My main reason for going back to Kuching while Eileen stayed in Singapore at Royce's hospital bedside was to keep Ryan from feeling neglected while everyone else's attention was focused on his younger brothers. It helped that both Ryan and I enjoy at least some of the same things, at least as far as getting out in nature is concerned.
Of course, every child enjoys a trip to the beach, so when I suggested, on September 21, 2014, that the two of us should take a trip to the Damai Beach Resort near Mount Santubong, Ryan did not object for a moment.
On the way down to the beach we were distracted by, among other things, a lovely male Blue Pansy (Junonia orithya)...
...a skink of sorts (identifyng most of the local skinks requires more expertise in lizardry than I possess)...
and Orthetrum sabina, one of the commonest of our local dragonflies.
Once we got to the water's edge, of course, Ryan headed down to enjoy himself...
...while I hunted around for things to photograph. Two small streams enter the sea on either side of the public beach, so there must be enough fresh water in the sand for butterflies like this Common Jay (Graphium doson) to puddle for mineral salts without being overwhelmed by sodium chloride.
The beach, I was delighted to find, was home to a most unusual dragonfly.
This was Macrodiplax cora, the Coastal Glider. There are only two species of Macrodiplax, one in each of the Old and New Worlds, and both are coastal specialists with an unusually high tolerance for brackish water. I had only seen it once before - but according to the standard reference, Orr's A Guide to the Dragonflies of Borneo, it is not supposed to be on Borneo at all. Orr is, unfortunately, out of date, and at the time I was assured by Borneo dragonfly expert Rory Dow that the species does, indeed, occur here. It seems to be in residence at Damai.
This is a female; the male has the yellowish ground colour replaced by red, but retains the diagnostic series of dark chevrons down the upper surface of the abdomen.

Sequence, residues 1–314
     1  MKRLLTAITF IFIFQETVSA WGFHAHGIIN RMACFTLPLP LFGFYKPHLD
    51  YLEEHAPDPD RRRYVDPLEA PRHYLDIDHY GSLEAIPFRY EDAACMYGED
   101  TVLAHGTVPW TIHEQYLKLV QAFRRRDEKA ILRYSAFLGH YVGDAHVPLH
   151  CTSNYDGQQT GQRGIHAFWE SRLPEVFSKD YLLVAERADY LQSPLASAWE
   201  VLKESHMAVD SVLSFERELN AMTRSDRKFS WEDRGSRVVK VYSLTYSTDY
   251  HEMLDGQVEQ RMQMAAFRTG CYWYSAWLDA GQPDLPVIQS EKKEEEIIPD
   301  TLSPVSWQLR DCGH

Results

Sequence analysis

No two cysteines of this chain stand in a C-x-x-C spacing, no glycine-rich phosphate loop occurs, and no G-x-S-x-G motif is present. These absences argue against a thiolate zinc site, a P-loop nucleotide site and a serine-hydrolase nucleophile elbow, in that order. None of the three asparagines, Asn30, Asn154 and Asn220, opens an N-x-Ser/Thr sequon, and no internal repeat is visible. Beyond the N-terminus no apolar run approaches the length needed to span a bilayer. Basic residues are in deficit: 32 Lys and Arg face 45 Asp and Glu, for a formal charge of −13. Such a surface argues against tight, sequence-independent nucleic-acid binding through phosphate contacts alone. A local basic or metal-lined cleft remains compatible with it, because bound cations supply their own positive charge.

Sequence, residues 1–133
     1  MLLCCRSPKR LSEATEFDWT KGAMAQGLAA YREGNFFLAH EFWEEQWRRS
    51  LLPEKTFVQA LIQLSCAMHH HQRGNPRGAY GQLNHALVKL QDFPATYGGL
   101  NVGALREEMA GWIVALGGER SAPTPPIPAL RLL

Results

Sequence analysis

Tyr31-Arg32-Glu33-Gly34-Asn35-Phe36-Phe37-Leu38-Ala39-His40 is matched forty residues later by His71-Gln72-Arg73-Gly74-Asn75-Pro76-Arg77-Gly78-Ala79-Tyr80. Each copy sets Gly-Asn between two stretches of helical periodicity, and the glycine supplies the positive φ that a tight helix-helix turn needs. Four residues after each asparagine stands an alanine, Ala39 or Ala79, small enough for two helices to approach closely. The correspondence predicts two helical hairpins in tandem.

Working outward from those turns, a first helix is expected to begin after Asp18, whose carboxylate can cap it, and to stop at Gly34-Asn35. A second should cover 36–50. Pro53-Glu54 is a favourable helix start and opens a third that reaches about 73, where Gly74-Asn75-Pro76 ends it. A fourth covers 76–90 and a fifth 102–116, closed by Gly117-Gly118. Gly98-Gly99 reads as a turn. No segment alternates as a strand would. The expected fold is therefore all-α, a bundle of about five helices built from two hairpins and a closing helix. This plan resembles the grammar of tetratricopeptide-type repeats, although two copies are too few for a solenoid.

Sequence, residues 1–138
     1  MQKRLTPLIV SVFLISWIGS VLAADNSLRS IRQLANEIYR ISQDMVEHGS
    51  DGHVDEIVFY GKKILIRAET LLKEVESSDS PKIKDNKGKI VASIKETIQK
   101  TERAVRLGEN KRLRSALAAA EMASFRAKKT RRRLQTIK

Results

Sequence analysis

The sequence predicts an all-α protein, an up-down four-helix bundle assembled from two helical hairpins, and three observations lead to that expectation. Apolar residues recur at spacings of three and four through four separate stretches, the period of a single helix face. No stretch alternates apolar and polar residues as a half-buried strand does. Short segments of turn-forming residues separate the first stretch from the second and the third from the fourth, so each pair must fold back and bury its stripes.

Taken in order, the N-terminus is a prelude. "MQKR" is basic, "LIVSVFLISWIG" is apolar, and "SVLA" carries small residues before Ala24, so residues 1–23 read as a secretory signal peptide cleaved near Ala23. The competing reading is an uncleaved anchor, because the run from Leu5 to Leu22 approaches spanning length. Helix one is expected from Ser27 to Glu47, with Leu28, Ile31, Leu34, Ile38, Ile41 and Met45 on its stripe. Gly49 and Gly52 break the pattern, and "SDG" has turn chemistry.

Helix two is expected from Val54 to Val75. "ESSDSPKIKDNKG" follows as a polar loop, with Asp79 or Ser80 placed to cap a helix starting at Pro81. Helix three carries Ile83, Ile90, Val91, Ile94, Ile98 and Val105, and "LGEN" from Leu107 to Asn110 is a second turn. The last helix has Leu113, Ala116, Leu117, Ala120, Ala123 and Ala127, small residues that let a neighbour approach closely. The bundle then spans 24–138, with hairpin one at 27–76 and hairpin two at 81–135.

Once Ryan had finished exploring the beach, and I had finished photographing the Macrodiplax, we turned our attention to the stream on the southern side. Ryan is trying (without success) to catch some of the little fishes swarming in its lower reaches.
I had a bit more success with the camera, and was later able to identify these as young Crescent Perch (Terapon jarbua). Though this is a coastal marine fish, once its eggs (guarded and fanned by the male) hatch the juveniles, as here, congregate in the lower reaches of shallow coastal streams, where they are presumably safe from ocean predators.
On the way home, Ryan and I detoured to Kampung Bako for a look over the mudflats of Bako-Buntal Bay.
The bay is one of the important wintering grounds for the endangered Chinese Egret (Egretta eulophotes), and you can almost always expect to see a few of them off in the distance.
The mudflats at the edge of the kampung provide a very different habitat from the sandy beach at Damai, and as the tide was out Ryan and I had a chance to do some exploring.
Cerith snails are superabundant on the mud flats, and we found their dead shells lying about everywhere.
The most obvious creatures on the mud flats were male Fiddler Crabs (Uca sp.), challenging each other with waves of their enormous right claws.
The challenge consists of a beckoning gesture, but the intent is certainly not to welcome – at least as far as rival males are concerned. Things may be different if a female comes in view.
There are a number of species of fiddler crab in Sarawak, and I assume that these represent different ones (though I cannot say for certain).
Should the claw-waving challenge not be enough to repel a rival, the two males may come to blows. The altercation, though, does not seem to do either combatant a great deal of harm.